Donald Trump Says Antifa is 'Going to Be in Big Trouble' as Opposition is 'Getting Angrier'

President Donald Trump has a strong message for members of the anti-fascist movement, known as the antifa.

"These people, like the Antifa—they better hope that the opposition to Antifa decides not to mobilize. Because if they do, they're much tougher. Much stronger. Potentially much more violent," Trump told conservative news site The Daily Caller in an interview in the Oval Office on Wednesday. "And Antifa's going to be in big trouble."

Trump added, "But so far they haven't done that and that's a good thing."

The president reiterated that the antifa "better hope that the other side doesn't mobilize."

"Because if you look, the other side, it's the military. It's the police. It's a lot of very strong, a lot of very tough people. Tougher than them. And smarter for them," Trump said. "They're sitting back and watching and they're getting angrier and angrier."

The president was asked to comment on a mob that gathered outside the home of Fox News host Tucker Carlson last week chanting, "You are not safe," and, "Tucker Carlson, we will fight. We know where you sleep at night!" Carlson, who co-founded The Daily Caller, was not home at the time but his wife was and called 9-1-1. It is being investigated by police as a hate crime motivated by politics.

"I spoke to Tucker—I think Tucker's a great guy—and I think it's terrible," Trump responded. "They were actually trying to break down [his] door."

Antifa staged violent riots on the day Trump was inaugurated as president. Many arrests of Antifa members have occurred across the United States since he took office.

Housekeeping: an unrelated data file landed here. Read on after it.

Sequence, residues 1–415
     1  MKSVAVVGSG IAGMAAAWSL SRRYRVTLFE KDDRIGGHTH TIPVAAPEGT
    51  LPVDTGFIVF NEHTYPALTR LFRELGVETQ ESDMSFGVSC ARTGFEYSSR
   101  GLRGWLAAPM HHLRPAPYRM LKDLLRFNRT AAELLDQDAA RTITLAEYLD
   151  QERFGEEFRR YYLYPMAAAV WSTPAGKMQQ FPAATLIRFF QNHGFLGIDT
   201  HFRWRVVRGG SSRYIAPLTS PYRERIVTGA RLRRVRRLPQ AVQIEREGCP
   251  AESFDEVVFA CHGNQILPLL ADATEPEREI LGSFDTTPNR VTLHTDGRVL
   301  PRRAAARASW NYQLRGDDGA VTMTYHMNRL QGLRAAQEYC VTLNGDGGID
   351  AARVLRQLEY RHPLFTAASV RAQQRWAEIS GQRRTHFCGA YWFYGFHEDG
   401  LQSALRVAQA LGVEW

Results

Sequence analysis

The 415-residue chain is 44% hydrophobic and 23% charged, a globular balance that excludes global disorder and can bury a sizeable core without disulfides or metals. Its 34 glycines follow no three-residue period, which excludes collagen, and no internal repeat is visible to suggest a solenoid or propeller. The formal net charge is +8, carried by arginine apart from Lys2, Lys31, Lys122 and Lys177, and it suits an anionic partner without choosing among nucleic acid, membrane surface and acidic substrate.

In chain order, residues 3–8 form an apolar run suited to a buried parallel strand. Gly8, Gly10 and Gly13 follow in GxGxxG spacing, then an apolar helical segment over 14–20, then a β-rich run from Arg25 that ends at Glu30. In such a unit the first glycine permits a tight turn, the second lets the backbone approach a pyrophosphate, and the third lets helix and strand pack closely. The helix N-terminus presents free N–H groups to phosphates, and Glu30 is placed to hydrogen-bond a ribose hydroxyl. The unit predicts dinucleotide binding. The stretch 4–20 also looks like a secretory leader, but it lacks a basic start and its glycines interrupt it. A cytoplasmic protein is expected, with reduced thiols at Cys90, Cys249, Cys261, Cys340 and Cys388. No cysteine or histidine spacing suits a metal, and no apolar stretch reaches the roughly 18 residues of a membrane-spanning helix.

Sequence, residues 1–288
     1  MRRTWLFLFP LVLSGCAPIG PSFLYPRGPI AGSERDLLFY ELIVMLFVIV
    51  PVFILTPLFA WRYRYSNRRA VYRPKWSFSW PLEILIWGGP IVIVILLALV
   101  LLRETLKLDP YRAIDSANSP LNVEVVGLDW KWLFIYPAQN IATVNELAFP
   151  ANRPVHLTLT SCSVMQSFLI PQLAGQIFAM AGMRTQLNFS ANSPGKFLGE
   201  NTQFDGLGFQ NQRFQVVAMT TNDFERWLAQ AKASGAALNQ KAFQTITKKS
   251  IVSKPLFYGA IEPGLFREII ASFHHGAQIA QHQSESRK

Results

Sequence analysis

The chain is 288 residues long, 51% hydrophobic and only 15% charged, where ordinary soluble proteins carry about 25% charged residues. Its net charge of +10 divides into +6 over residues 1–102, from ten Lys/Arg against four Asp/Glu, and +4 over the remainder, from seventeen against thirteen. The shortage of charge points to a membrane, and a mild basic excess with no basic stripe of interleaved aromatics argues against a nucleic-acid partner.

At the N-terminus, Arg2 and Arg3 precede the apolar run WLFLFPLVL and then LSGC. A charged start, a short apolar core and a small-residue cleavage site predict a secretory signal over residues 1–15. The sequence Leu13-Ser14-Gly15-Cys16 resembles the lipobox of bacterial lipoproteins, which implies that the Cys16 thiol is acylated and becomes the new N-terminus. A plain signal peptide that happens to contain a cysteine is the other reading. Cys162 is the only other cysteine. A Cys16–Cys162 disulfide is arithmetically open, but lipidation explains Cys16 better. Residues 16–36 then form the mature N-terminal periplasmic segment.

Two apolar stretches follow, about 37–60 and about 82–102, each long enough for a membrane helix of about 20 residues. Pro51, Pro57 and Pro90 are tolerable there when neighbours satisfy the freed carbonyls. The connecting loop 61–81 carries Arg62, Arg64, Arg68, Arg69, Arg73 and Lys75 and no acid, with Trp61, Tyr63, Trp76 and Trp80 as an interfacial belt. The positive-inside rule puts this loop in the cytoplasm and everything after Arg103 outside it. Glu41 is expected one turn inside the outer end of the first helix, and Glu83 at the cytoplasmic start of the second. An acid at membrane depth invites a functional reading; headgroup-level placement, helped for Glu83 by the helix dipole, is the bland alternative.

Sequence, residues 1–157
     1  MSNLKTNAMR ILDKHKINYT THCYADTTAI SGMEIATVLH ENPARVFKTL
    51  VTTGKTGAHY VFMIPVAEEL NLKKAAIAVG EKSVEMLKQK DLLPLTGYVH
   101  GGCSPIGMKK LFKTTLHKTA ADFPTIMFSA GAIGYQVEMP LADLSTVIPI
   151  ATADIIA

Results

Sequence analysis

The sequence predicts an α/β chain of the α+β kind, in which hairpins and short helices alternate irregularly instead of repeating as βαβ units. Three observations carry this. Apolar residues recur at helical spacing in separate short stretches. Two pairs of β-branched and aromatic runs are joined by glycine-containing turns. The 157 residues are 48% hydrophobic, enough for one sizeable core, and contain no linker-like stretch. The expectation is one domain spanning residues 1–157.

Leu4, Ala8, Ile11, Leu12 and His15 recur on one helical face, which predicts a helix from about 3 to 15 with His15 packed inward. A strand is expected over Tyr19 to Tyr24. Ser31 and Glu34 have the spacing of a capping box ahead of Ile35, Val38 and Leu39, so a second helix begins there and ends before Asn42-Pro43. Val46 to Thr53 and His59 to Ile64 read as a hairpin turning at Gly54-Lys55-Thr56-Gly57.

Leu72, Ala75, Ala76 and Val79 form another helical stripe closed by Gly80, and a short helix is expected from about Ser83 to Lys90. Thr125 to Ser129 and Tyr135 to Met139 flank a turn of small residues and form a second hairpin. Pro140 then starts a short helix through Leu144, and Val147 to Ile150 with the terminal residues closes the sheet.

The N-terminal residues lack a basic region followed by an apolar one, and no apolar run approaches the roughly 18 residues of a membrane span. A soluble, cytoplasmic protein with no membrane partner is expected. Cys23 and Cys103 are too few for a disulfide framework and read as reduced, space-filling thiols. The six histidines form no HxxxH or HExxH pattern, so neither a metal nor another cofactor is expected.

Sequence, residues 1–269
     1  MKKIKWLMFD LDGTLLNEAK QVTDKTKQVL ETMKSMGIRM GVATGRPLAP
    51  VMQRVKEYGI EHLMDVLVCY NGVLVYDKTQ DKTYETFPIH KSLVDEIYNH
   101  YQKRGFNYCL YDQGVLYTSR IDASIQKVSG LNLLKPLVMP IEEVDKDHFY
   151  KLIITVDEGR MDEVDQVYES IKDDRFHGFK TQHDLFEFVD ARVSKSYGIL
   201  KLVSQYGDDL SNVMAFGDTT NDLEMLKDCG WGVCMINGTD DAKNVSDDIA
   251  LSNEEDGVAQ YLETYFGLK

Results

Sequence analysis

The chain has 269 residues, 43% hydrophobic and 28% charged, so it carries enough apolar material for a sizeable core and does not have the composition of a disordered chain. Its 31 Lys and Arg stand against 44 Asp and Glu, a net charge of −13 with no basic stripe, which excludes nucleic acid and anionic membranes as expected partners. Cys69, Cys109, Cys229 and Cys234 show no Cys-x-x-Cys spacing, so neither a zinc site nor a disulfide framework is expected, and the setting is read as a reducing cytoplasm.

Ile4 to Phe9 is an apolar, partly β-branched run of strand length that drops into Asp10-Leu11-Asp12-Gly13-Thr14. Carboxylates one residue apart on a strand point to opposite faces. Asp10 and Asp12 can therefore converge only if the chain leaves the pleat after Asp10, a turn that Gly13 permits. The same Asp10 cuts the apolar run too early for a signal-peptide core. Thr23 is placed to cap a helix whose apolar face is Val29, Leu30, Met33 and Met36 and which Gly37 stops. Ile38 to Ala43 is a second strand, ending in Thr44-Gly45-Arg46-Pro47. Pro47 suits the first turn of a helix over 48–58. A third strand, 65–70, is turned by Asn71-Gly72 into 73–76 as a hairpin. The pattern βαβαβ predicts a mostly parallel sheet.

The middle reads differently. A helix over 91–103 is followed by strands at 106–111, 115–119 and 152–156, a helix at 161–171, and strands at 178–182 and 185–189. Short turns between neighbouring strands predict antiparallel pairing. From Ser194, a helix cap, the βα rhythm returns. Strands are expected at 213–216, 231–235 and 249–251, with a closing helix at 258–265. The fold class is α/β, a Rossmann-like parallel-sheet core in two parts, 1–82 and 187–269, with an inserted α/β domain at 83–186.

Trump has referenced Antifa before. At a private state dinner in August with evangelical Christian ministers, Trump warned of violence if Republicans lost control of Congress in the midterm elections.

"You're one election away from losing everything you've got," Trump said in an audio recording of the meeting obtained by The New York Times. "They will end everything immediately. They will overturn everything that we've done and they'll do it quickly and violently. And violently. There's violence. When you look at Antifa, and you look at some of these groups, these are violent people."

Republicans lost the House in the midterm elections, but retained control of the Senate.

Demonstrators protesting the alt-right movement and mourning the victims of a rally in Charlottesville, Virginia, carry puppets of President Donald Trump and Attorney General Jeff Sessions, in Chicago, on August 13, 2017. Trump said the antifa and violent leftists are “going to be in big trouble” if opposing groups decide to mobilize. Scott Olson/Getty Images

Antifa members are anti-fascist demonstrators who don black and argue that they must make neo-Nazis and white supremacists fearful of protesting in public in order to stop the far-right groups from growing stronger.